Happy holiday for innovative retailers
As the countdown continues toward the most important selling season of the year, retailers seem to be struggling to generate the 6 to 7 per cent growth predicted by retail analysts. The winners this holiday will be the innovative merchants who don't let exciting items sit hanging on racks or piled high on tables, but rather who take risks in making them visually appealing and compelling to buy, writes Stacy Baker.
As the countdown continues toward the most important selling season of the year (the last two months typically account for 25 to 40 per cent of an apparel company's annual sales), retailers struggle to generate the 6 to 7 per cent growth predicted by retail analysts.
While retailers try to predict the seemingly enigmatic spending and shopping behaviours of today's consumer, many experts agree that figuring out what people want isn't that tough. In fact, this year most agree that it comes down to just a few factors: convenience, newness and presentation.
"Convenience is gift shoppers' top priority this year," says Pam Danziger, president of Unity Marketing and author of 'Why People Buy Things They Don't Need.' "Shoppers seek special gifts that are just right for the recipient, but what they want most is to shop stores that are convenient and make their gift shopping experience quick and painless."
While 26 per cent of shoppers say they've been able to find new and interesting things to buy this year, just 6 per cent said those items were apparel, according to a recent Pulse Report, 'How America Shops.' This means that those not offering fresh product have to fake it with interesting and enticing displays, presentation, signage and more.
Even more problematic than the general lack of fresh product is the fact that there's no one hot item, says Candance Corlett, president of WSL Strategic Retail. Since the pashmina hit several years ago, no single item has rocked the fashion world for holiday.
She points to Coach, however, as one brand/retailer that's doing "an extraordinary job of giving consumers a 'wow' this season between its amazing window displays, brightly coloured merchandise and fresh new offerings." Also turning heads is Burberry, particularly with its newly launched children's line. Beyond that, Corlett believes while creativity and novelty are on consumers' wish lists, retailers haven't responded.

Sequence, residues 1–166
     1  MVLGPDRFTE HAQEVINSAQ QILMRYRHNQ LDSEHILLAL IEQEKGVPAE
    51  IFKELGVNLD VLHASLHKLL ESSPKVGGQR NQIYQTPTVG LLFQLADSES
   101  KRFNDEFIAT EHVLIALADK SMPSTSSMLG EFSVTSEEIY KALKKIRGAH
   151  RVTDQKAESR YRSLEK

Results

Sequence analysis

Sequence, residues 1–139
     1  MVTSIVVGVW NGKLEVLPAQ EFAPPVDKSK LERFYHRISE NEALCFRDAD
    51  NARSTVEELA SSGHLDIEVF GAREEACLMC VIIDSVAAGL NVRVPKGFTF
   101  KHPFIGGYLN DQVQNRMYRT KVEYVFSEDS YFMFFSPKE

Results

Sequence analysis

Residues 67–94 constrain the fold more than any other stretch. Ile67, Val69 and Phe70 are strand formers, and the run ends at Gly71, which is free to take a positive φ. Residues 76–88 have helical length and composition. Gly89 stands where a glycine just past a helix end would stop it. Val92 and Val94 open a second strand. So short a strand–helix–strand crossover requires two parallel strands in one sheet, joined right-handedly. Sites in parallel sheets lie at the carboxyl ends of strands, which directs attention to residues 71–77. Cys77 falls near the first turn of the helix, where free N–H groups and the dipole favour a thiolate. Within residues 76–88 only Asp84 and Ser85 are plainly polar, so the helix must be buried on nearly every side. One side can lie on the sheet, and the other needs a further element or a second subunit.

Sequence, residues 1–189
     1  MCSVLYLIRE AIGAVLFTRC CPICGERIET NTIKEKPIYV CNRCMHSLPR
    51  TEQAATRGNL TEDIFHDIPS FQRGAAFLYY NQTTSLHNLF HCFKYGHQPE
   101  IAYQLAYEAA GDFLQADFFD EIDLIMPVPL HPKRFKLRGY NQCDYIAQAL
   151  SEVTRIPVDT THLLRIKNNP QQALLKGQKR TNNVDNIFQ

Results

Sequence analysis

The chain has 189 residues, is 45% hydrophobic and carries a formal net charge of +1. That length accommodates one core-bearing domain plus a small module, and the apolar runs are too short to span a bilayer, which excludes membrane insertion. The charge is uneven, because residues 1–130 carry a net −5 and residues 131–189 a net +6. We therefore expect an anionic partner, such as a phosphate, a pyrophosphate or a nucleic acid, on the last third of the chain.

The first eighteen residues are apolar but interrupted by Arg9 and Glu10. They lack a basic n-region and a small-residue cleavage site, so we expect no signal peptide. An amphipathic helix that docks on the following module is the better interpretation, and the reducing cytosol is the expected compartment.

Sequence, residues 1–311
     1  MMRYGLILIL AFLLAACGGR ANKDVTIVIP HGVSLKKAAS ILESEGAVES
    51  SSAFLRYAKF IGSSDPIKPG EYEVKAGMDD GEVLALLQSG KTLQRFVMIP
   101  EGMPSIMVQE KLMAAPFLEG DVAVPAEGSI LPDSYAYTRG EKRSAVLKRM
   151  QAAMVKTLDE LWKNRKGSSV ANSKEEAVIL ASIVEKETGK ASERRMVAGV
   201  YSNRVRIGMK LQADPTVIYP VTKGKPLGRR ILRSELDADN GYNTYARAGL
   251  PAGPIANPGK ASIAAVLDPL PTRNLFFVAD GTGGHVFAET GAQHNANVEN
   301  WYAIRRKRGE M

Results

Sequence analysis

"Department and specialty stores are failing to romance the consumer from the windows to the dressing rooms this season," she says. "The hard reality is that shoppers have visibility to the entire world via the Internet which means it's hard to surprise them with products that are new and dynamic."
Given the lack of creativity on designers' parts and the "world is your store" shopping availability, the burden of creating romance has shifted to the realtors - it's up to them to make merchandise (whether dated or fresh) seem compelling and irresistible.
The retail analysts are enthusiastically predicting an increase in holiday sales of 4-7 per cent versus 2002. The big but, however, is: are there enough new and interesting things for shoppers to splurge? Click here for the "How America Shops" study from WSL Strategic Retail (pdf format)
Stack 'em high and watch them fly
"Take fragrance, a classic example, which is such a romantic-emotion category and you see department stores stack 10 high on counter - it reminds me of breakfast cereal and that mass-retail mentality of 'stack 'em high and watch them fly,'" says Corlett.
"They even use this same strategy for other expensive apparel items like cashmere sweaters which are mounded on tables and strewn on the floor. When salespeople say 'everything they have is on the floor' they mean it literally these days."
The concern is that retailers have conditioned shoppers to expect every environment to look like a mass-merchandise counter. "This holiday is unfortunately done, but I said a month ago that romance is key," she says. "The brands and retailers have done nothing different from last year."
Even with more brightly coloured apparel offerings and some interesting fashion trends, presentation seems old hat and creativity is nearly nonexistent. The winners this holiday will be the innovative merchants who don't let exciting items sit hanging on racks or piled high on tables, but rather who take risks in making them visually appealing and compelling to buy.
Presentation is key
Why is presentation so key, especially when consumers are so shopping savvy and familiar with product? Because consumers no longer buy out of need - they buy for pleasure.